Fortunately, fate smiled upon me and I received Secret of Mana as a Christmas present, a few months after it was released. I was eager to immerse myself in the world of Secret of Mana and was glad that I did. It ended up being a fantastic game from start to finish. The first thing that grabbed me was the detailed graphics. The characters looked much bigger and brighter than the ones in Final Fantasy II did and they popped off the screen. The environments were colorful and truly beautiful to look at. It created a great atmosphere, almost as much as the soundtrack did.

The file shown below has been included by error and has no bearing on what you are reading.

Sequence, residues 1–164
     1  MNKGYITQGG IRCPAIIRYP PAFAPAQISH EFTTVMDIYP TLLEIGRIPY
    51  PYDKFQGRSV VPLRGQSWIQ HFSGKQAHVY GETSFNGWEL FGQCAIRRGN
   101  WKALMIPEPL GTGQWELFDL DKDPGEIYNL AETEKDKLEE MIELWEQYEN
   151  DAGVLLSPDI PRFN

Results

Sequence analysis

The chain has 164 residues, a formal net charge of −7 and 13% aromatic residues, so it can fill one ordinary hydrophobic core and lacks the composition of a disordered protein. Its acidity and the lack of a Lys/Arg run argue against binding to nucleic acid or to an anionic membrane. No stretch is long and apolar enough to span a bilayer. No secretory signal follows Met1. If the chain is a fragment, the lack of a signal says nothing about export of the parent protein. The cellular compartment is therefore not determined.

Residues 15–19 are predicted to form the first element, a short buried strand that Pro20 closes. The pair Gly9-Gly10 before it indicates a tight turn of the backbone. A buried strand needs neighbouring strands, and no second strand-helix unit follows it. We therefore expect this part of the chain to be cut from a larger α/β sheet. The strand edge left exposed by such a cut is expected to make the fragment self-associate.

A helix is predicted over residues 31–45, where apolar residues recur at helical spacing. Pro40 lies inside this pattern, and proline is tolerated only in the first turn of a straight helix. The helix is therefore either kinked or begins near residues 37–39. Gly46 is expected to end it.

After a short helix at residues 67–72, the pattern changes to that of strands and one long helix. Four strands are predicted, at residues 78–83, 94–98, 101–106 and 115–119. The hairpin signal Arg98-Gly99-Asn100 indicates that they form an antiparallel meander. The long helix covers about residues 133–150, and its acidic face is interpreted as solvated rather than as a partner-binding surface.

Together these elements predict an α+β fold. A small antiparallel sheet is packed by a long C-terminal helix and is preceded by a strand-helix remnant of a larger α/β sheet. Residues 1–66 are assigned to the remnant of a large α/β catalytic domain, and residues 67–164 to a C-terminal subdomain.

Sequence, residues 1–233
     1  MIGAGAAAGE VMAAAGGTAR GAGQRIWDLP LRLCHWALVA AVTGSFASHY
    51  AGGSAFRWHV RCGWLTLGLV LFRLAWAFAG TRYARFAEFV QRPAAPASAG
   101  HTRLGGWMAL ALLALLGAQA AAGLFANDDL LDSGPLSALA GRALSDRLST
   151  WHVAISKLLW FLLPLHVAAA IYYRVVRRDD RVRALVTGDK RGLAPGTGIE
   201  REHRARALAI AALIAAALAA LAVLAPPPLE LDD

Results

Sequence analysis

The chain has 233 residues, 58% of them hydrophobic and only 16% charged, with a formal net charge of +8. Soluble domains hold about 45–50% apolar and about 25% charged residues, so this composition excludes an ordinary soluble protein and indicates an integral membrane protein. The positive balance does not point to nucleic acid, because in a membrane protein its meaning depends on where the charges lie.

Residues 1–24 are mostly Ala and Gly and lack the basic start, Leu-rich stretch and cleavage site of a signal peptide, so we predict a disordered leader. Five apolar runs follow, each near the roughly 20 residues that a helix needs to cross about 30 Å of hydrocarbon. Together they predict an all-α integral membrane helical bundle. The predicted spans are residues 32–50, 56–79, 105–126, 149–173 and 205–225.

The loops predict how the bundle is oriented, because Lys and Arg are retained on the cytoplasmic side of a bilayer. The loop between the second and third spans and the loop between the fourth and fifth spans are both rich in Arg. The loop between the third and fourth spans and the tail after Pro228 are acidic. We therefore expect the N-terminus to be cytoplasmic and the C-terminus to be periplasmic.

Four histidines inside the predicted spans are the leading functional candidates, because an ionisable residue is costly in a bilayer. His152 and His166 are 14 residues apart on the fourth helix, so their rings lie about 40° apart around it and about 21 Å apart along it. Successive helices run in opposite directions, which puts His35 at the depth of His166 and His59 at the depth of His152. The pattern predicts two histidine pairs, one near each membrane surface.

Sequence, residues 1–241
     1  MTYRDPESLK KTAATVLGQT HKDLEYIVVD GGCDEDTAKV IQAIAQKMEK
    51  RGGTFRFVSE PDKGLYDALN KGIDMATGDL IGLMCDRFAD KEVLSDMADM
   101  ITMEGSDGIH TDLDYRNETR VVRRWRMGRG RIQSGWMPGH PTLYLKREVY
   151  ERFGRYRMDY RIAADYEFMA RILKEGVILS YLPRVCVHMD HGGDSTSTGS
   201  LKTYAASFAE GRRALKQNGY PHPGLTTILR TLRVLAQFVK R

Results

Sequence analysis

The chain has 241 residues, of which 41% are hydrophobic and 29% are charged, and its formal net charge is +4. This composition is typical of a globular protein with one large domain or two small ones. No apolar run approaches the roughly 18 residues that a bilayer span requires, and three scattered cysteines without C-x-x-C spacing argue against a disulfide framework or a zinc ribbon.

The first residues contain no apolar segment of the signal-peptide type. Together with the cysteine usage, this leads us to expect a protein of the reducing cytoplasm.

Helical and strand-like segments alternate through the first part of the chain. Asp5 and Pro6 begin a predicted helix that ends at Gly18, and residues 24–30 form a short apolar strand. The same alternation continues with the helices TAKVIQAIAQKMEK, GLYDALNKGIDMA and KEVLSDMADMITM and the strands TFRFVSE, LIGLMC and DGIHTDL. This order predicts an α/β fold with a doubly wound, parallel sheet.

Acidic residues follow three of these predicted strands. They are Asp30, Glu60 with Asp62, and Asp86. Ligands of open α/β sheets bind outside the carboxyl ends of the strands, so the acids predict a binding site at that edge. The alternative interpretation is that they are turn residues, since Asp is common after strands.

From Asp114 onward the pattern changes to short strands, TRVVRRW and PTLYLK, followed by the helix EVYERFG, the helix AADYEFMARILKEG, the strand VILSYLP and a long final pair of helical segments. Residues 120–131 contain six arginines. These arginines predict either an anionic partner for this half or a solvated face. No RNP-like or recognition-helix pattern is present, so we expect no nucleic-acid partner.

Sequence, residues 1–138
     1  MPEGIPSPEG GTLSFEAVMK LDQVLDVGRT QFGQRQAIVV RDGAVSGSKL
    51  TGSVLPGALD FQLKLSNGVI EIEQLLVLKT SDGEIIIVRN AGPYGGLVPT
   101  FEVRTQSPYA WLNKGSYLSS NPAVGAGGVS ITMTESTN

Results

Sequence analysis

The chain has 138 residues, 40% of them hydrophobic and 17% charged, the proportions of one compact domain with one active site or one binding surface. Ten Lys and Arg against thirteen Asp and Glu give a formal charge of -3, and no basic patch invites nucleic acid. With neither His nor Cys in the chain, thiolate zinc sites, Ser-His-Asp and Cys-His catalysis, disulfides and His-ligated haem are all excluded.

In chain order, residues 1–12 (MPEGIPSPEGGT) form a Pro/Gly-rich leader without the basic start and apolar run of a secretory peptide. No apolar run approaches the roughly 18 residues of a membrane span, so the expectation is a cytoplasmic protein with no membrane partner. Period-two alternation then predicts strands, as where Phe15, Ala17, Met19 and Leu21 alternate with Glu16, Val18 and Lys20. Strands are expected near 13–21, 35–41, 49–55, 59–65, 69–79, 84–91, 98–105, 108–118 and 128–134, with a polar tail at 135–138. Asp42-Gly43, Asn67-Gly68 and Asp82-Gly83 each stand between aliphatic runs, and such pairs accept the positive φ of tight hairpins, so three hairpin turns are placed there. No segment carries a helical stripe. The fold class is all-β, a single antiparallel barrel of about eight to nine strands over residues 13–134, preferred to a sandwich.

The soundtrack was truly impressive, something that has become a staple of Squaresoft games. The tracks ranged from sweeping orchestral scores to low haunting melodies and really helped to create specific atmospheres. One of the most haunting tracks was "Ceremony". It is perhaps the creepiest doll music I have ever heard. I literally could not play that game alone when i was at that juncture and would only play that section if a family member was nearby. That song will still get stuck in my head sometimes. Other standouts include "Prophecy" which played when you were riding your airship-like dragon Flammie on the world map. It was such a great tune where you literally felt as if you were flying across the vast oceans and deserts. Other notable tunes include the boss battle music "Danger" which was really frenetic and expressed the craziness of the big boss battles. My favorite tune was "Dark Star" which is beyond epic!